People can experience loneliness for many reasons, and many life events are related to loneliness. Loneliness is a very common response to divorce or the breakup/loss of any important long-term relationship. In these cases it may stem both from the loss of a specific person, as well as from the withdrawal from social circles caused by the event or the associated sadness.
Loneliness can be a response to a specific situation or event, such as the death or extended absence of a loved one. Loneliness may also occur after the birth of a child, after marriage or after any minor or major life event. Loneliness can occur in marriages or similar close relationships where there is anger/resentment or a lack of loving communication.
The fear of being alone can be caused by by many different things. Maybe you were, or felt, abandoned at some time in life and came to associate being alone with being unloved or neglected. A fear of being alone can be directly related to lack of self-confidence and to the belief that activities cannot be enjoyed or even attempted if you are alone.
Or maybe you just never learned to be comfortable while alone. Like anything in life, what has been learned can be altered. You can learn to be better at being alone without being lonely so that you have the choice of whether to be with others or not. And when you overcome the fear of being alone, you instantly become more independent and confident as a result. In fact, there are many advantages to overcoming fear of loneliness. When you are alone you have time to think calmly and there is a special kind of peace you can experience only when alone. Time spent alone sometimes can also make time spent with others even more enjoyable. Remember that being alone doesn’t have to mean being lonely.
Treatment of Loneliness
The alternative to viewing loneliness and the fear of being alone as a defect or as an unalterable personality characteristic is to recognize that loneliness is something that can be changed. It is also important to know that loneliness and the fear of being alone are common experiences. According to a recent national survey, 25% of all adults experience painful loneliness at least every few weeks, and the incidence among adolescents and college students is even higher. Loneliness is neither a permanent state nor bad in itself. Instead it should be viewed more accurately as a signal or indicator of important needs that are going unmet.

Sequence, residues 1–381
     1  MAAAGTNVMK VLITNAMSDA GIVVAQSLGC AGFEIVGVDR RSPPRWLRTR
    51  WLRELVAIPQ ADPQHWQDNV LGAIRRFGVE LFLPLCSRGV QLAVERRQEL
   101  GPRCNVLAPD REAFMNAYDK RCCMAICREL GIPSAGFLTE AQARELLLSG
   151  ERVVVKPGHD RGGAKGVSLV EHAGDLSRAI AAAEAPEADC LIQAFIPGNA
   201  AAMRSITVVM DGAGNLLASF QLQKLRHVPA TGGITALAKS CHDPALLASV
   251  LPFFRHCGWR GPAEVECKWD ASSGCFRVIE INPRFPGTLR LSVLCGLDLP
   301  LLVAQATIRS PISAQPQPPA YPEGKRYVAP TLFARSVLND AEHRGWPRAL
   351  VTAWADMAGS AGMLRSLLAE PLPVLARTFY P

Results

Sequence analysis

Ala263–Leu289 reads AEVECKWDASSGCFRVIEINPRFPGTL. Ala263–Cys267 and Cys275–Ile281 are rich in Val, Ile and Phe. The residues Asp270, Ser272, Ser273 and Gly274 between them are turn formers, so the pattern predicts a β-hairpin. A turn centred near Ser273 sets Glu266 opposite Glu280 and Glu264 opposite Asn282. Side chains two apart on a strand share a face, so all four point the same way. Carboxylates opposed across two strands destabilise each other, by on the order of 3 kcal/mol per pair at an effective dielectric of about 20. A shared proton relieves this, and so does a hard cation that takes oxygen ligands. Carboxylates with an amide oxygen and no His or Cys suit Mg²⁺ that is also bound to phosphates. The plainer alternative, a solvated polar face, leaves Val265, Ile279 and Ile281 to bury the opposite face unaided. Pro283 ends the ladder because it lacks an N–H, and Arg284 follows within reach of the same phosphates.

The first step is to admit that you have a problem with being alone and that you would like to feel and behave differently. Remember, we all have strengths and weakness and hiding your weaknesses takes up more energy than it does to work to overcome them or learn to live with them.
The most frequently used form of therapy is cognitive behavioral therapy (CBT), reality therapy and behavioral therapy. Working with an experienced psychologist, therapist, or counselor you can learn new behavioral approaches, new relationship and communication skills, and specific techniques to help you deal with anxiety and depression.
Relaxation and stress relief techniques are frequently an accompaniment to other therapeutic approaches. Relaxation techniques may include things like specific ways of breathing, muscle relaxation training, guided mental imagery, or soothing self-talk. Associating these relaxation techniques with being alone can help you deal with, and overcome, feelings of loneliness, depression and anxiety.
Medication can also be used. While they do not cure the fears of being alone, they can temporarily suppress the symptoms through chemical interaction.
For more information about loneliness, the fear of being alone, and other mental health issues, please click on the linked websites listed below.